I've been drooling over the chance to explore this idea for almost a year now: image processing in hardware.
Open source image processing has been developed and tested primarily on CPUs and GPUs. I'd like to come at the same problem with an FPGA-based approach. While CPUs and GPUs serve as excellent, general-purpose processors for developing algorithms, they lack one interesting characteristic: these approaches run on fixed logic designed for general-purpose programs. With an FPGA, this logic is flexible; it can be redefined for the particular problem at hand. Over the next several months, I'd like to try some well-known image processing algorithms that lend themselves to being easily implemented on FPGAs. (I'll start with point operations: thresholding, differencing, etc.)
Along the way, I've discovered that I'll be writing a lot of drivers; hence, night-vision goggles are a great way to make sure that I can talk to cameras, parse the data, and display it all in real time.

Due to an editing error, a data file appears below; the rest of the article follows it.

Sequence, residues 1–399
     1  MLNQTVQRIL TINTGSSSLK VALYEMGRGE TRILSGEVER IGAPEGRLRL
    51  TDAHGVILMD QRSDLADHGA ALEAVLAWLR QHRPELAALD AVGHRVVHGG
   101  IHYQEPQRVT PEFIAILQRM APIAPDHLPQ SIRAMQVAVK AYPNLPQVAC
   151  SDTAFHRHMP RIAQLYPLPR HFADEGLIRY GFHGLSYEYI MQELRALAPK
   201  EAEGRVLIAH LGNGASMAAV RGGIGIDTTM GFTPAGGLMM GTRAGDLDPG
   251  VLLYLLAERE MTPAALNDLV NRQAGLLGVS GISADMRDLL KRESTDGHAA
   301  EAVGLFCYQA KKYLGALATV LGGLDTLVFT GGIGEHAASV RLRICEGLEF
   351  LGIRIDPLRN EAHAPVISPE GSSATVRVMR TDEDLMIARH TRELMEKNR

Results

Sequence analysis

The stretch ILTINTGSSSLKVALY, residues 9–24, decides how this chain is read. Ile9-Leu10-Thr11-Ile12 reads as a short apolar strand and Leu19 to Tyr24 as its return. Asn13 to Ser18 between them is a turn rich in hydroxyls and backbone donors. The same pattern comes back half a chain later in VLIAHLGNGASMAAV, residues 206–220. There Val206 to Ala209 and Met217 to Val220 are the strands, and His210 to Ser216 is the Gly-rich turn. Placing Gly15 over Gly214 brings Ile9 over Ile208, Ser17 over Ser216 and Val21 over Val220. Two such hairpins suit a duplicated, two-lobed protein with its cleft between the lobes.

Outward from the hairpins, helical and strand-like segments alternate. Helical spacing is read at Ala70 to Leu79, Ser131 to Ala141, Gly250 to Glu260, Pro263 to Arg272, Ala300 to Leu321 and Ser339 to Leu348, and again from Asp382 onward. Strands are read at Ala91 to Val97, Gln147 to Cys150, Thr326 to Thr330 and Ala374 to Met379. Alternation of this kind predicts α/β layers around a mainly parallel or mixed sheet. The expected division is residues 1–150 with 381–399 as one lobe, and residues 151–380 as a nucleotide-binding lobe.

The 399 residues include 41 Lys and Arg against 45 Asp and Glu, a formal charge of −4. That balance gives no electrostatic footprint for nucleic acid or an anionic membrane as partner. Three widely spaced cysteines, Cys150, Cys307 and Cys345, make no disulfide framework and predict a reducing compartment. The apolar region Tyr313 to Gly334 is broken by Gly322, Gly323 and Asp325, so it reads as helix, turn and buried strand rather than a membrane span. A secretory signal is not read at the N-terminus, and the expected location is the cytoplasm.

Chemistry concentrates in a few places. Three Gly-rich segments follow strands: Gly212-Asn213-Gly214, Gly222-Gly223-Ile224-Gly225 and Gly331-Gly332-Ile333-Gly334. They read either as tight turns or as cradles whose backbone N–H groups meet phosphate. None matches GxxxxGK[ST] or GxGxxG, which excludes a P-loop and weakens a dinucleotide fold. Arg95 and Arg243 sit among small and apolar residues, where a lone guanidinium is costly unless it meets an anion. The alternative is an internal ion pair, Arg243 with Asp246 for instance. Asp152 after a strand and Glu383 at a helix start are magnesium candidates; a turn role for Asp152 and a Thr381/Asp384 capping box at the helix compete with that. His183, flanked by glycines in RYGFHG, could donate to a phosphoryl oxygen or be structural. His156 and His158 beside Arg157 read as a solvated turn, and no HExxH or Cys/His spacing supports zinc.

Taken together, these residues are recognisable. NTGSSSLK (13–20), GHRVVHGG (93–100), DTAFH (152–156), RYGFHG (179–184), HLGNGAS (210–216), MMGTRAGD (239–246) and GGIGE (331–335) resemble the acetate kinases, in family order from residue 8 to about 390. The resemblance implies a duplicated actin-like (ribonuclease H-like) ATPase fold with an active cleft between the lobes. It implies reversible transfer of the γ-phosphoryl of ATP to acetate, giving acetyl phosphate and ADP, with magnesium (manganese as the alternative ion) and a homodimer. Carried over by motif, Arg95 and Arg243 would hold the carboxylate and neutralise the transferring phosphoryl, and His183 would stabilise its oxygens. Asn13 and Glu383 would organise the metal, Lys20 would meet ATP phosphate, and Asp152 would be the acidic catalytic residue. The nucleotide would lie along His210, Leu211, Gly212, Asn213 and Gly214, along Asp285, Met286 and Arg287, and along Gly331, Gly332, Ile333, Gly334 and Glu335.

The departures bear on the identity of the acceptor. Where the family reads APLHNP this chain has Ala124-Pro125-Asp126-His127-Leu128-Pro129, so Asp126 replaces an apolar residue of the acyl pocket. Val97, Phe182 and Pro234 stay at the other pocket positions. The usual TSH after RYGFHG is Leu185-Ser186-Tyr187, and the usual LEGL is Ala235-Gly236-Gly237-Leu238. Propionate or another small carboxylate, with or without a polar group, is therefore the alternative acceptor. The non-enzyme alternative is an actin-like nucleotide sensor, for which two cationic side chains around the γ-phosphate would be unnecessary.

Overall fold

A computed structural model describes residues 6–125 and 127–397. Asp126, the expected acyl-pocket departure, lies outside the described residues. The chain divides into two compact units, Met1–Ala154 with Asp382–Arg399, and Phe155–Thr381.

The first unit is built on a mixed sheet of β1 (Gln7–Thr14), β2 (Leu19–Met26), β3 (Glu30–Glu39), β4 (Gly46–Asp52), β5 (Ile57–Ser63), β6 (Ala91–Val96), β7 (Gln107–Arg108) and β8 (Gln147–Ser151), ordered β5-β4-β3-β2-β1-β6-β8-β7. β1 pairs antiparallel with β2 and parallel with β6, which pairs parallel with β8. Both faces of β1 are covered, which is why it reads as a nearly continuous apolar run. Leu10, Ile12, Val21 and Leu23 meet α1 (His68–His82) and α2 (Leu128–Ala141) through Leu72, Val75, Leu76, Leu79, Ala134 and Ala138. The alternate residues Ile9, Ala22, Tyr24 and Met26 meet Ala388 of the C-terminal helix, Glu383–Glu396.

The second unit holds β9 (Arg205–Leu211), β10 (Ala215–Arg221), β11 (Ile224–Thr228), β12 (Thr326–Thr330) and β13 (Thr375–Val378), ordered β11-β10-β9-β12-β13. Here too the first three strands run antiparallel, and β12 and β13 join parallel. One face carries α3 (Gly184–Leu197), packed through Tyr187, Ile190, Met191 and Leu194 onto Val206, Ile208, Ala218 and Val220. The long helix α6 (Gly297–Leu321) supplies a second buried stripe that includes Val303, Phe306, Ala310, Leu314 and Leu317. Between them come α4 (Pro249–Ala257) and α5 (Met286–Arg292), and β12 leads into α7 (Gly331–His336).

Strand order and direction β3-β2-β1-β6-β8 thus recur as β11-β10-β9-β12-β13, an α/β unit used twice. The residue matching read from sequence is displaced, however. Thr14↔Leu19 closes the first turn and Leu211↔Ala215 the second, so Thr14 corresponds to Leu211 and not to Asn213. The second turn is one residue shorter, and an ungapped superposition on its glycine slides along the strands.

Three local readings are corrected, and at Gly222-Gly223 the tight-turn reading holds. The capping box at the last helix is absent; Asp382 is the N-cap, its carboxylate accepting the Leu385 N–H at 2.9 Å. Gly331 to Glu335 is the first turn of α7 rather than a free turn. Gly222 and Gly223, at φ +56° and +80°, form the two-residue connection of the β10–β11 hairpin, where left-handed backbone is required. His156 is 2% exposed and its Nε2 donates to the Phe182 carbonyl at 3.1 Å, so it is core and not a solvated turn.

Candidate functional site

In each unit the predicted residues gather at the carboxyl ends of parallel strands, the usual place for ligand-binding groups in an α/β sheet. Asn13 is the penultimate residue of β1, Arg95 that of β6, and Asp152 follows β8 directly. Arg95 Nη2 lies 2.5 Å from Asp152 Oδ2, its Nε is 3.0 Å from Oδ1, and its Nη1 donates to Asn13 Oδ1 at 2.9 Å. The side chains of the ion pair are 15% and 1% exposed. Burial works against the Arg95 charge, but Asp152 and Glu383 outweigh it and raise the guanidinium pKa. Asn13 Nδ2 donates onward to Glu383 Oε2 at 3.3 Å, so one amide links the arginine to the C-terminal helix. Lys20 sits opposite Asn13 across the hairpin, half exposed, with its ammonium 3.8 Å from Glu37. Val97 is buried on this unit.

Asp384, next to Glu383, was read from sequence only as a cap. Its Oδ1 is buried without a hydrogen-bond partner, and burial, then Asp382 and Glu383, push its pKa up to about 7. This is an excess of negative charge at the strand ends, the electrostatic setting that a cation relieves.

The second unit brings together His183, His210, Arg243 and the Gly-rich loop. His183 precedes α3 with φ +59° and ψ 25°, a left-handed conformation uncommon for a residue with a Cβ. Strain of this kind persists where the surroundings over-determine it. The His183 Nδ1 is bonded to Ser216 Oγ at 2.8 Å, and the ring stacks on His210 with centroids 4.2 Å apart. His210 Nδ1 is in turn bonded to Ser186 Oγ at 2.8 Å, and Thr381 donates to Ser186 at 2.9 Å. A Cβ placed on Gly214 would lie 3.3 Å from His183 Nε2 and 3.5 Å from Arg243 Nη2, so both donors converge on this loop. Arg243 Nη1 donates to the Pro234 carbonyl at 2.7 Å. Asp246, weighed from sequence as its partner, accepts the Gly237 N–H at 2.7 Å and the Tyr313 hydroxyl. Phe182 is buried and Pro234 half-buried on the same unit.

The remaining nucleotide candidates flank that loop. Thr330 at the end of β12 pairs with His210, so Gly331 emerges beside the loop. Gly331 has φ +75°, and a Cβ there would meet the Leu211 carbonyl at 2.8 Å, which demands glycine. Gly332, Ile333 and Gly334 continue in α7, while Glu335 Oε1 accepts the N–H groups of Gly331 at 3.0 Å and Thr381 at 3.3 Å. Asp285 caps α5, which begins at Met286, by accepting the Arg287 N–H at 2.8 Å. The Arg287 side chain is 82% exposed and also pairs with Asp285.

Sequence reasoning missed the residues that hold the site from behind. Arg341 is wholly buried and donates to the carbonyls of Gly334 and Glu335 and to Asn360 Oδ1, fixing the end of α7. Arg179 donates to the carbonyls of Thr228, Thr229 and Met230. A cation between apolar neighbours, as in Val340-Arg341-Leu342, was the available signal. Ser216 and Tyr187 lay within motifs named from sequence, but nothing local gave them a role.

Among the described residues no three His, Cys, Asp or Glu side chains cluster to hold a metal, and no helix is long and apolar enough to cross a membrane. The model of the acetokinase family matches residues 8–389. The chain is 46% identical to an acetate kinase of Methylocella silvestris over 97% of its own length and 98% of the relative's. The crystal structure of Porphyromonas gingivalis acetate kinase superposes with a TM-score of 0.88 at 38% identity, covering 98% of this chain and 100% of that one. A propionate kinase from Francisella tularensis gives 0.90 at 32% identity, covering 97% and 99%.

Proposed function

I got pretty far into this project before the end of the year, but I had to restart somewhat. With the classic SPI ILI9341 display board, I was able to display an image on the screen at 15FPS. (The image was blue, but--heck, that was fixable with a few more hours of debugging.)
Sadly, driving an image over to the display at 15FPS was pushing the limits of the SPI interface. Pushing an image onto the display over an SPI interface at 15 FPS required an SPI transfer speed of 75 MHz. While I can synthesize a PLL on the FPGA to give me a clock capable of that speed, the SPI interface in the ILI9341 just can't handle that rate of transfer.
Luckily, the ILI9341 chip supports multiple interfaces: SPI, and 8080 Parallel variants. By transferring 8 bits at once, I can reduce the overall clock speed and still display images at 30 FPS. WIth an SPI driver already written and working, I abandoned that approach and wrote an 8080 parallel interface driver instead.
To access the parallel port, I needed a different breakout board. Luckily, Adafruit sells one. I had a couple of bugs along the way, but this time the worst ones were actually in my wiring (forgot to tie the RD line HIGH) and not in my SystemVerilog code. The waveforms look very pretty on the logic analyzer. In case you'd like to try it out, it's on the Gits under ILI9341_MCU_Parallel_Ctrl in the master branch.